When you spend as much time online as we do, you think that every person who goes on the Internet watches online videos, at one point or another. Surprisingly, that’s just not true. According to a newly released study from Pew Research, 71 percent of web surfers use video sharing sites like YouTube and Vimeo. That’s up from last year’s staggeringly low total of 66 percent, and 33 percent in 2006, the first year Pew polled such usage.
In addition, Pew found that 28 percent of Internet users watch online videos daily, a major jump from the 8 percent who watched every day in 2006.
Much of the growth in online video usage comes from rural Americans, who now watch Internet videos nearly twice as often as they did in 2009. This has also resulted in an increase in the number of white Americans who watch online videos, a total of 69 percent. That’s up 13 points from 2009.
Despite these gains, however, online video usage among whites remains 10 percent lower than that of non-white Americans, amongst whom 79 percent partake in online video watching. The number of non-whites has also increased, from 67 percent in 2009 to 79 percent this year.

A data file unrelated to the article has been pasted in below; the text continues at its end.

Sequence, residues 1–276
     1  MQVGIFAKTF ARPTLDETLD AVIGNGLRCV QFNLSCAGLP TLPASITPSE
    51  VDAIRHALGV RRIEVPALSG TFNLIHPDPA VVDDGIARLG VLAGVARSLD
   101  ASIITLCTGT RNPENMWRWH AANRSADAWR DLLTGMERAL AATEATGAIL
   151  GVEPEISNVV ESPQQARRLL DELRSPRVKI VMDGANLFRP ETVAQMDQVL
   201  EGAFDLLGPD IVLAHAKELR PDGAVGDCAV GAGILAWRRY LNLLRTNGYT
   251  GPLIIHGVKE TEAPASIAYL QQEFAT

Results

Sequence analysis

The group that watches online videos the most is, of course, young adults: 92 percent of 18- to 29-year-olds reported online video usage. Other groups that most frequently watch include Hispanics (81 percent) and people who make over $75,000 per year (81 percent). Also, 81 percent of parents watch online videos, compared with only 61 percent of non-parents. This discrepancy, says Pew, is likely due to parents having young children at home who are more likely to watch online videos.
The increase in online video watching is also due to a surge in new content, from both amateur and professional video-makers.
More users has been a boon for online video king, YouTube. Since the end of 2005, YouTube has grown from 8 million views per day to more than 3 billion daily views. More than 200 million of those impressions come from mobile devices.
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